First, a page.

Learning · Science

How do our brains work?

There are a lot of reasons I am interested in this question:

1. It’s probably the most complex machine nature has evolved. Yet it runs on the power of a 20watt lightbulb when an equivalent computer would require 24 million watts of power!

2. My dad has dementia. There is a whole lot of research going on into what causes this and what we might be able to do to prevent or even help with it in the future. Too late for him but hopefully in time for my children.

3. We are fast developing various forms of Artificial Intelligence and understanding the way our brains work will form the basis for some of the modelling of how “computer brains” may work.

This WaitButWhy post by TimUrban I am linking to is a monster: it’s very long and addresses several big topics. But as usual for Tim it sets things out in a sensible understandable way. It’s overall focus is on what Elon Musk’s Neuralink enterprise is hoping to achieve with Brain/Machine interfaces. But different components of the piece are in themselves so interesting that I feel like I should really just share pieces of it, each of which can pretty much be read as stand alone treatise.

So the first bit I am going to recommend is actually the second and third part of this treatise, which is the piece on how our brain works. Tim manages to pull together and summarise in quite a simple way, our current understanding of the brain, and I found it quite fascinating.

Here is the link Part 2: The Brain. Read part 2 and also part 3 which starts to talk about the challenges of creating Brain, Machine interfaces.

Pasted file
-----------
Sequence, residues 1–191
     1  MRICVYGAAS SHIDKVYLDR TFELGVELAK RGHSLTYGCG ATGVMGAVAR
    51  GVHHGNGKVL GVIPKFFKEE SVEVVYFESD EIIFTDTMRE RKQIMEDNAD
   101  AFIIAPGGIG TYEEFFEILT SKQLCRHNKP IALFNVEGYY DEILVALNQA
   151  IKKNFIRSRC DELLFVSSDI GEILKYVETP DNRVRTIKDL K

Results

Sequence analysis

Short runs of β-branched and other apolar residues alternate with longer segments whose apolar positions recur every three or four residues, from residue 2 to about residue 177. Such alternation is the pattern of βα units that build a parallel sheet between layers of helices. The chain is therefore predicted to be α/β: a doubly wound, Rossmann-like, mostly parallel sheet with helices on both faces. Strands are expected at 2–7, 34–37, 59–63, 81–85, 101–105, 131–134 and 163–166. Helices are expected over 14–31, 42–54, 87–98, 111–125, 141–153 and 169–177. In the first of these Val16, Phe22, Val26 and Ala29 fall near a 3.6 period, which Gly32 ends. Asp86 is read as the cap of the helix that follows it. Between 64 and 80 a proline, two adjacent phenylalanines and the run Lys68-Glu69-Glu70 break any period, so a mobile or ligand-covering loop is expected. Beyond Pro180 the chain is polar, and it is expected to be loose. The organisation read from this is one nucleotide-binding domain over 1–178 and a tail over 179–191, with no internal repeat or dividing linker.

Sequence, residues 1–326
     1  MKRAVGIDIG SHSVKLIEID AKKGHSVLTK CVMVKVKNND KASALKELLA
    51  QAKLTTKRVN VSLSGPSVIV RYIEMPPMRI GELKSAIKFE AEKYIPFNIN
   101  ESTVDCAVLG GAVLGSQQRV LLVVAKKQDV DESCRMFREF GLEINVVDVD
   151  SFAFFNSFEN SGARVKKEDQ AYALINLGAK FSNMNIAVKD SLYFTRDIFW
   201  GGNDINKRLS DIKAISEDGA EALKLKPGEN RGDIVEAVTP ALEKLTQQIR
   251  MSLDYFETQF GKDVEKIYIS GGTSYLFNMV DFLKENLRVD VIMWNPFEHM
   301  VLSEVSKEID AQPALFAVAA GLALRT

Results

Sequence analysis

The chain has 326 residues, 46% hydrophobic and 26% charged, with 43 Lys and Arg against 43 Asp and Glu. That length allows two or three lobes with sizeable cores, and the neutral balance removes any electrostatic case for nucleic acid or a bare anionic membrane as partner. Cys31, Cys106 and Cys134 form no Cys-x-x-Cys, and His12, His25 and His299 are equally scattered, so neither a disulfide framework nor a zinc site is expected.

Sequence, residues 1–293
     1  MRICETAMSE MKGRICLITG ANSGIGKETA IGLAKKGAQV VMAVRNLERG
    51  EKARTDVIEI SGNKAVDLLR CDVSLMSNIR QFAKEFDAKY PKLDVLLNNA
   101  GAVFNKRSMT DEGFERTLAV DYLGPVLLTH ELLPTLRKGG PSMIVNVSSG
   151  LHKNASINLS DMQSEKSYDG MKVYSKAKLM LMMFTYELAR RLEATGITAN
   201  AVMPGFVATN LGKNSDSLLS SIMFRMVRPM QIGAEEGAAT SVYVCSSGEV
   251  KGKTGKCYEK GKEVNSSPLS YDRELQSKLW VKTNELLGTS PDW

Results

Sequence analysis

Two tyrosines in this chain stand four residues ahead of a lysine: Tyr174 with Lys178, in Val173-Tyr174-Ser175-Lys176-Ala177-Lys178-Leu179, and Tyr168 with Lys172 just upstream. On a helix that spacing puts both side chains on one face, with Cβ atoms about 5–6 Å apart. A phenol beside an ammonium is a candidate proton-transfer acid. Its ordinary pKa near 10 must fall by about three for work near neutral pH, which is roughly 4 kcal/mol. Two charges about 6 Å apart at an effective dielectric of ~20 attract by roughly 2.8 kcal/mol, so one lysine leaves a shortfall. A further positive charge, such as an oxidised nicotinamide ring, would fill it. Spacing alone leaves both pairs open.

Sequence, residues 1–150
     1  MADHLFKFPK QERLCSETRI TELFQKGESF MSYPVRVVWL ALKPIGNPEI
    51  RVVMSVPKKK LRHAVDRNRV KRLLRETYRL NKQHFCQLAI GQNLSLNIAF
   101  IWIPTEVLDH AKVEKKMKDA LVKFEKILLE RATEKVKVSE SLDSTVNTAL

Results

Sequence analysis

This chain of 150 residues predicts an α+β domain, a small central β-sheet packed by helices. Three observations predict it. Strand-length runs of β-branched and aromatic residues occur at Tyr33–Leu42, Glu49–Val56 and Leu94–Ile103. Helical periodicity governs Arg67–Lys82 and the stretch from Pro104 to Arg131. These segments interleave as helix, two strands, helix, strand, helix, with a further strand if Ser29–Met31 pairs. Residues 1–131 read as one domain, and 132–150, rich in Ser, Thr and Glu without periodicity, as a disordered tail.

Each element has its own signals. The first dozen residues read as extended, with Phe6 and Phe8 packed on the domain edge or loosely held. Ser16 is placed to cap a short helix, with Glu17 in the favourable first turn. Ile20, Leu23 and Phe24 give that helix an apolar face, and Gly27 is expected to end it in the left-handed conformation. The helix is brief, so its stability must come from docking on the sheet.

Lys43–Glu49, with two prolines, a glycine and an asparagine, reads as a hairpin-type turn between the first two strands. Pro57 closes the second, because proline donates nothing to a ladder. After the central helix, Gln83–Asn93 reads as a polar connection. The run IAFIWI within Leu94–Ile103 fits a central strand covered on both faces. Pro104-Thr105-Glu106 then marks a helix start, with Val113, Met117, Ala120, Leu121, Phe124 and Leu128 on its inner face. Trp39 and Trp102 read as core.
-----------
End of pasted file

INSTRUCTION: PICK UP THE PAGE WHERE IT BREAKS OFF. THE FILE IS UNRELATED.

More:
Some of the fascinating pieces that amazed me:

The three main components of the brain: reptilian (the part that keeps our bodies functioning, eg. Hearts and lungs pumping), the limbic system (the Paleo-mamillian system), our primitive survival system of instincts where we get our emotions along with a whole lot of other functionality and some memory functions, and the neo-mamillian outer cortex where we do all of our rational thought, processing and emotional control functions. Things like Daniel Kannehman’s Thinking Fast, Thinking Slow is all about the interaction between these second and third parts of the brain.

The structure and nature of neurons, the basic building blocks of our brains and how they connect and trigger each other is also explained. Did you know that they basically function a lot like a binary computer either sending a signal or not sending a signal? Their activation functions and connections are non linear but their firing is either on or off. I expected something much more analogue!

There are around 100 billion neurons in our brains. (Around about the same number of stars as there are in our galaxy to an order of magnitude – a number that always blows my mind. Think about that for a moment vs the 7bn people we have on earth. And that’s just our galaxy, one of an estimated 100 billion galaxies in the universe. Anyway back to earth and your brain…) Your thinking cortex is about 15 to 20% of that total number of neurons and is present only in the outer two milimeters of your brain! (The bulk of the brain below that is taken up with the connections between the axon of each neuron and the others). Each neuron can have synaptic connections (connections that can carry its signal) to between 1000 and 10,000 other neurons! And it’s the restructuring of these connections that gives us our ability to learn. Now that makes a seriously complex machine! Tim does a wonderful illustration scaling up the brain to the size of a few city blocks to try to describe its complexity in a way we can comprehend.

If you have the stamina then read the whole thing, you will need to go back to Part 1, which will be the topic of my next post. If not I am sure to pick up on many of the topics in future posts!

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